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Casey Anthony verdict fails to crush the Internet

So, yeah. This is happening on Facebook.
So, yeah. This is happening on Facebook.Facebook.

Where were you when a jury of her peers declared Casey Anthony "not guilty?" Probably on the Internet.

Our obsession with the murder-charged Florida mom who partied for more than a month before telling her family that her 2-year-old daughter Caylee missing peaked on the Internet just before 3 p.m. ET Tuesday. The live verdict did indeed inspire a notable spike in Internet traffic. Notable, but not record-breaking.

So, yeah. This is happening on Facebook.
So, yeah. This is happening on Facebook.Facebook.

At the time of the verdict, traffic to news websites jumped abruptly from less than 2 million views to more than 3.2 million, according to content delivery network  Akamai. Most of that traffic came from the United States. It looks dramatic when you see those numbers on a graph (above), but compared to the highest news peak Akamai's recorded since 2005, it doesn't come close — more than 10 million at noon, June 2010, during ssimultaneous World Cup qualifying matches and the longest ever Wimbledon match. (Oh, we saw the Fail Whale on Twitter that day, my friend!)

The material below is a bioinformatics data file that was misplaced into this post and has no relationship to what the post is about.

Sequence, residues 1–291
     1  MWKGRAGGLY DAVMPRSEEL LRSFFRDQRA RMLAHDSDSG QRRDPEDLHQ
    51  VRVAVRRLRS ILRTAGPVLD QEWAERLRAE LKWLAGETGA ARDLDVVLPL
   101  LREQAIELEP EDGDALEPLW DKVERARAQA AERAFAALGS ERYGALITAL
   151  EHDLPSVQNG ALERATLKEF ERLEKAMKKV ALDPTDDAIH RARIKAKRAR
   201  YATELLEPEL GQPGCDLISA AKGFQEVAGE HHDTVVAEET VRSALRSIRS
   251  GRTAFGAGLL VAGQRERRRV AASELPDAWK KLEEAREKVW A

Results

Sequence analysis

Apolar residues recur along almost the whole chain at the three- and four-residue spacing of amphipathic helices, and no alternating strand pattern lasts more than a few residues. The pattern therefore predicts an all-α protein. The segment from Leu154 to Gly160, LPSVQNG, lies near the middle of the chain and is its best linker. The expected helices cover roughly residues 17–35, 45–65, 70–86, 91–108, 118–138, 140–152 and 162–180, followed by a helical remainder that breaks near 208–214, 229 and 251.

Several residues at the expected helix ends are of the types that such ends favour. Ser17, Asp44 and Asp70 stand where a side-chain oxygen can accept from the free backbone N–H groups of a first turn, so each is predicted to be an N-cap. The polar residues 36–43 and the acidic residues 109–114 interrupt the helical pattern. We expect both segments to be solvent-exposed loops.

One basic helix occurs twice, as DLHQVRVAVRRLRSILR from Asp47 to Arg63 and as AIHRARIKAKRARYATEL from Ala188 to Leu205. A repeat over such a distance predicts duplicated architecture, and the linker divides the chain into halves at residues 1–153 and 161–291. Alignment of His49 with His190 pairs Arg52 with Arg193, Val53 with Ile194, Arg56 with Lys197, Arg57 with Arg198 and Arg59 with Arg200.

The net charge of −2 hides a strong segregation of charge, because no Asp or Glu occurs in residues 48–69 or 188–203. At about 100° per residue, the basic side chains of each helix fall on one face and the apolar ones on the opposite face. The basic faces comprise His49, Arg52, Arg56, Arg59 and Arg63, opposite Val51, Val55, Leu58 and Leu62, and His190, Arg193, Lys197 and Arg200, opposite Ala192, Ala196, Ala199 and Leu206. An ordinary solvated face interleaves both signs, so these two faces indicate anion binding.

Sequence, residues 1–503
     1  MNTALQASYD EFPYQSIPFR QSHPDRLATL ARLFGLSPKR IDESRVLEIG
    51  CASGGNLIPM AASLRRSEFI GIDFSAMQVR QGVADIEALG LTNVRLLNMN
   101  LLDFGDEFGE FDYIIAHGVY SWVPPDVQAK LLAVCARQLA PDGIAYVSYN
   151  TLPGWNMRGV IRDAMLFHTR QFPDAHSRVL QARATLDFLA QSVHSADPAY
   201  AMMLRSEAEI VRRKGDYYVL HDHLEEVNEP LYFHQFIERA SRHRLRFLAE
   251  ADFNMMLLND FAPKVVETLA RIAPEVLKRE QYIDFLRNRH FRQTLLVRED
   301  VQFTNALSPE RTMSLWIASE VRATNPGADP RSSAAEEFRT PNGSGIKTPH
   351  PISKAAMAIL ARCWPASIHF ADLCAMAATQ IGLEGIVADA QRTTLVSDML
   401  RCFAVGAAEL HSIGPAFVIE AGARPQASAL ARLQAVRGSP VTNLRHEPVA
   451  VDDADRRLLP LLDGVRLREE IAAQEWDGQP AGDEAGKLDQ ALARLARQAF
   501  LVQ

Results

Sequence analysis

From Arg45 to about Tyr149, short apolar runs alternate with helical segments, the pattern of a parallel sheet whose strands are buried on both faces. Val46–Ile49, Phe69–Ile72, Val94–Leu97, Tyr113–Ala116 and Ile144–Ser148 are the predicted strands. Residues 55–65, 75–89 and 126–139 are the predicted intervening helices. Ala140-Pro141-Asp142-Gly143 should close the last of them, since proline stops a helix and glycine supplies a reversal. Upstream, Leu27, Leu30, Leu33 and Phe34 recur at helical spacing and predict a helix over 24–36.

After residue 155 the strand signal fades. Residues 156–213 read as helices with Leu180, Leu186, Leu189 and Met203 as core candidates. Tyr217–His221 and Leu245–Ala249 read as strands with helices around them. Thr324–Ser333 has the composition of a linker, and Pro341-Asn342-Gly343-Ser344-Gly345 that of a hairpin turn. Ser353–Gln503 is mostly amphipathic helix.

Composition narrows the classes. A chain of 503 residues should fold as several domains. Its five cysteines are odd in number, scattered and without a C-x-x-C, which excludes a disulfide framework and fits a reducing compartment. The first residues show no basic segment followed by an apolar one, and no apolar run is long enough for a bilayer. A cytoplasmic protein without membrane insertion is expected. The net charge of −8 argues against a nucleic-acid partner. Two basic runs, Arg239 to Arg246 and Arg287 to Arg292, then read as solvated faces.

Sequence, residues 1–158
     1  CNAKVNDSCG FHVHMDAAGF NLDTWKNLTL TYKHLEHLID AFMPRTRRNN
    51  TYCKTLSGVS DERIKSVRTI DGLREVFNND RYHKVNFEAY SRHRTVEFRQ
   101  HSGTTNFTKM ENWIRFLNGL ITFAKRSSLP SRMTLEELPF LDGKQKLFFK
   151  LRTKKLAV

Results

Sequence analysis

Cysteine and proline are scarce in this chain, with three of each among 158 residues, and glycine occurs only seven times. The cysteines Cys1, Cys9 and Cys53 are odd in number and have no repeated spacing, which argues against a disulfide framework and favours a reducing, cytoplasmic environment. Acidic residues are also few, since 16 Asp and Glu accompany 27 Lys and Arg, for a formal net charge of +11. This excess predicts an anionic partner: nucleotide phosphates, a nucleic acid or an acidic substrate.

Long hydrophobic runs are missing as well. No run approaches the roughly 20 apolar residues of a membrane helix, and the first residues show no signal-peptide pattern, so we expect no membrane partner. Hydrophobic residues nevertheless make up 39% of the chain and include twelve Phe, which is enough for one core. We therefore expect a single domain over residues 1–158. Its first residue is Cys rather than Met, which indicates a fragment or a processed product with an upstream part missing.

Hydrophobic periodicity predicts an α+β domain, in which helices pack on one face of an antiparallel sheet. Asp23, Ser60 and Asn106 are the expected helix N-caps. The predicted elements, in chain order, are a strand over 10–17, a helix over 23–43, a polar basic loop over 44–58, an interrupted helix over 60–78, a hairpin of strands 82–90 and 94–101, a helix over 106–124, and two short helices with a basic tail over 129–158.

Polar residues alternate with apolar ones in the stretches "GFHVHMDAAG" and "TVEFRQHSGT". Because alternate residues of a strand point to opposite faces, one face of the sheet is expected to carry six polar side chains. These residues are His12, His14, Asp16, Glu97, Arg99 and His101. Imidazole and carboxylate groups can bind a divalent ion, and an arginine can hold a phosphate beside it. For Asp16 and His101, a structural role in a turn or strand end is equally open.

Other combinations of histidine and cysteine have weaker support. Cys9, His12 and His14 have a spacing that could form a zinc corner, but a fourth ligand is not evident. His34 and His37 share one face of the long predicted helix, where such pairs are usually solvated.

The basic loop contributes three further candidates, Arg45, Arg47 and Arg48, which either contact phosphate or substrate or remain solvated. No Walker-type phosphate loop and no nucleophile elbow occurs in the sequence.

That double sports event tops a list of 15 highest peaks since 2005 (when Akamai started monitoring), most of which revolve around sporting events — most of them soccer-related. President Barack Obama announcing the death of Osama Bin Laden is at the bottom of the list, and at 4.1 million, still has a pretty good lead on the Anthony verdict.

Meanwhile on Facebook, US users ask their friends to use a photo of Caylee Anthony as their profile picture, but Twitter seems to have lost interest. Following the Tuesday verdict, trial-related hashtags such as #notguilty and #caseyanthonytrial occupied almost all of the top 10 Twitter trends. By Wednesday afternoon, they were gone from the list, replaced with such hashtags as #nationalkissingday and JoeJonasIsPERFECT. (Joe Jonas? Really? Really.)

More on the annoying way we live now:

Helen A.S. Popkin goes blah blah blah about the Internet. Tell her to get a real job on Twitter and/or Facebook.